Ferrante jury finishes day’s deliberations without reaching verdict
Robert Ferrante either intentionally killed his wife or is “the unluckiest man in the world,” Assistant District Attorney Lisa Pellegrini told jurors Thursday during her closing argument.
The prosecution’s evidence against Ferrante — including Internet searches for “cyanide poisoning,” his purchase of the fatal poison two days before his wife collapsed and a test that showed a lethal amount of the substance in his wife’s blood — “all just has to be coincidence,” Pellegrini said.
“Or else: guilty.”
Ferrante, 66, a University of Pittsburgh researcher, is accused of killing his wife, noted UPMC neurologist Autumn Marie Klein, by slipping her a fatal dose of cyanide. Klein, 41, collapsed inside the couple’s Oakland home April 17, 2013, and died three days later at UPMC Presbyterian.
The Allegheny County jury of eight men and four women deliberated for six hours Thursday, finishing at 7 p.m. Deliberations are to resume Friday morning.
Ferrante’s trial before Common Pleas President Judge Jeffrey A. Manning began Oct. 23 and included testimony from medical experts for the prosecution and defense and from Ferrante himself.
Pitt law professor John Burkoff said observers shouldn’t take anything away from Ferrante’s decision to testify.
“It’s the defendant’s choice. It’s not the lawyer’s choice,” Burkoff said. “His defense counsel can and did advise him one way or the other, but the defendant doesn’t have to listen.”
Testifying in one’s defense, Burkoff said, has its pros and cons. Ferrante might not have come off as credible, but the jury could have interpreted not testifying as Ferrante having something to hide.
“When we hear of these alleged criminal acts, we would like to hear from the person accused,” Burkoff said.
Common Pleas Judge Alexander Bicket, court staff, lawyers, family members and the media packed Manning’s courtroom for closing arguments.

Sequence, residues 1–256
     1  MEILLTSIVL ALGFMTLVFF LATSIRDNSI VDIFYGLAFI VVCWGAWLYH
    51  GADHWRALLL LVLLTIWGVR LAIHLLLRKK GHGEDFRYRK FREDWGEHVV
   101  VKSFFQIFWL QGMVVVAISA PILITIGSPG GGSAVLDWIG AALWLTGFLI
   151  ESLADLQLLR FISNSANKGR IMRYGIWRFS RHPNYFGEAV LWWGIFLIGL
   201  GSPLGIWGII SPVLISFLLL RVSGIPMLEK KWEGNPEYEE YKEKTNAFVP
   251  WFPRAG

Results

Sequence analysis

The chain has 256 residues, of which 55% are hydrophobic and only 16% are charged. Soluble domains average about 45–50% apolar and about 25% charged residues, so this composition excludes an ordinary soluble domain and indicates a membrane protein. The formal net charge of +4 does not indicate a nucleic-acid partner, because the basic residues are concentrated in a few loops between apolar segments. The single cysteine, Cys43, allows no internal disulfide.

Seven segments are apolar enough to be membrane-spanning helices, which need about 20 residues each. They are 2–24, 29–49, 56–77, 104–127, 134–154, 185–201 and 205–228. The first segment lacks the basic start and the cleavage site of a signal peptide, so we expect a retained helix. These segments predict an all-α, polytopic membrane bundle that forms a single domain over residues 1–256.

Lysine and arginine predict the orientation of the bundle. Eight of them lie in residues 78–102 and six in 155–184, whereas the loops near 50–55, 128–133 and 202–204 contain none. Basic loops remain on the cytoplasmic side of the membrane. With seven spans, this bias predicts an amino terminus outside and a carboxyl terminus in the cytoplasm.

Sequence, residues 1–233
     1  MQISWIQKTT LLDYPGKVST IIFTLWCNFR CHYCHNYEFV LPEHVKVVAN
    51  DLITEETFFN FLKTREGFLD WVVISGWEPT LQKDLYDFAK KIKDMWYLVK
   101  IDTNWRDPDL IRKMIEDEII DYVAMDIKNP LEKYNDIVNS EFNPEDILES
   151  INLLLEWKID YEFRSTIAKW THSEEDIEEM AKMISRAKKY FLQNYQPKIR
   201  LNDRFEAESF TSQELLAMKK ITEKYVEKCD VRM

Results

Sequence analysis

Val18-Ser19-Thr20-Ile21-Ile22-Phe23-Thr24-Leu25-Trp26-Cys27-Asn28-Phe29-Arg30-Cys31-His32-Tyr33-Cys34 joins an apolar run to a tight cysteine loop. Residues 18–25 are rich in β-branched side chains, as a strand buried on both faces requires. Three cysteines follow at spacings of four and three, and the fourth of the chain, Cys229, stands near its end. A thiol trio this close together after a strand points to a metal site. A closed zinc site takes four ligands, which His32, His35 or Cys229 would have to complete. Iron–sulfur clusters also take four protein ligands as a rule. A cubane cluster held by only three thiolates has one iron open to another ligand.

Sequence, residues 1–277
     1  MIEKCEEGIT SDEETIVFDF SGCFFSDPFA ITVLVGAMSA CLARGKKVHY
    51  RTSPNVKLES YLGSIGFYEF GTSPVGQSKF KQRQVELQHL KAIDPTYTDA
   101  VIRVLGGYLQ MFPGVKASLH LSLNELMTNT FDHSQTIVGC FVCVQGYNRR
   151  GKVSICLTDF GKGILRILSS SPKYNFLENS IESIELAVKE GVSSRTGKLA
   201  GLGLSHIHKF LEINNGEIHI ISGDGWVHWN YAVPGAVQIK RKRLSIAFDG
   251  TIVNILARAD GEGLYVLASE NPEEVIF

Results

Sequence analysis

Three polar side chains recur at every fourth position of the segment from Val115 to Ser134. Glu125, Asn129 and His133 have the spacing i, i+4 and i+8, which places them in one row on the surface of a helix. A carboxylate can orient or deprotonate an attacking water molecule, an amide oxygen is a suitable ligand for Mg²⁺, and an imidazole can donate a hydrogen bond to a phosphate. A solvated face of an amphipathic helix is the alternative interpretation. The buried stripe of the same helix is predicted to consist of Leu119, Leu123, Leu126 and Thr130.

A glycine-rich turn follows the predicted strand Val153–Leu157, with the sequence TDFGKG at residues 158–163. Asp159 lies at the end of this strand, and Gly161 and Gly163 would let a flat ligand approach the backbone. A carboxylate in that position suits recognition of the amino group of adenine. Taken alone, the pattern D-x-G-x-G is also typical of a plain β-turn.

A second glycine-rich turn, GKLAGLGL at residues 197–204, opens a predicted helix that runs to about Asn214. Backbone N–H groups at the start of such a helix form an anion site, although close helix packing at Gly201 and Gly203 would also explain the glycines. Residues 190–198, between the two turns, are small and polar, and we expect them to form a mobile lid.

Defense attorney William Difenderfer urged the jury to look past what he called “headlines.”
“This case is about whether or not my client intentionally murdered his wife,” Difenderfer said. “Don’t go jumping to conclusions because it may not be what you think. … The prosecution has taken headlines, and they’re asking you to fill in the gaps.”
Medical experts who testified for the defense, including Dr. Cyril Wecht, the famed Pittsburgh forensic pathologist, disregarded a positive result for cyanide in Klein’s blood from Quest Diagnostics because it conflicted with another test done by NMS Labs in suburban Philadelphia. They said the symptoms Klein experienced could have been caused by a number of things, including an irregular heartbeat — or cyanide poisoning.
Jurors listened intently while Pellegrini reviewed the evidence investigators collected against Ferrante, including the Google searches leading up to and in the days following Klein’s death, and his fingerprints on the bottle of cyanide. Pellegrini said the one question she had was why Ferrante didn’t wait and poison his wife during a planned weekend getaway at Nemacolin Woodlands Resort a few days later. The closest hospital to Nemacolin is several miles away and is not a Level 1 trauma center as UPMC Presbyterian is.
“He was one blood test away from getting away with the perfect murder. If he had done it at Nemalcolin, he would have gotten away with murder,” she said.
Difenderfer said Ferrante and Klein planned the Nemacolin trip to rejuvenate their marriage. They went on a family vacation to Puerto Rico in March 2013 and continued trying to have a second child in early April 2013.
“If you’re going to leave somebody, does it make sense that before we break up I want to have your kid again?” Difenderfer said.
Pellegrini called Ferrante “brilliant” but a “master manipulator.”
“He is brilliant. People liked him. That’s what makes this crime so diabolical. He’s a master manipulator. He shows one side here; he shows one side there,” she said.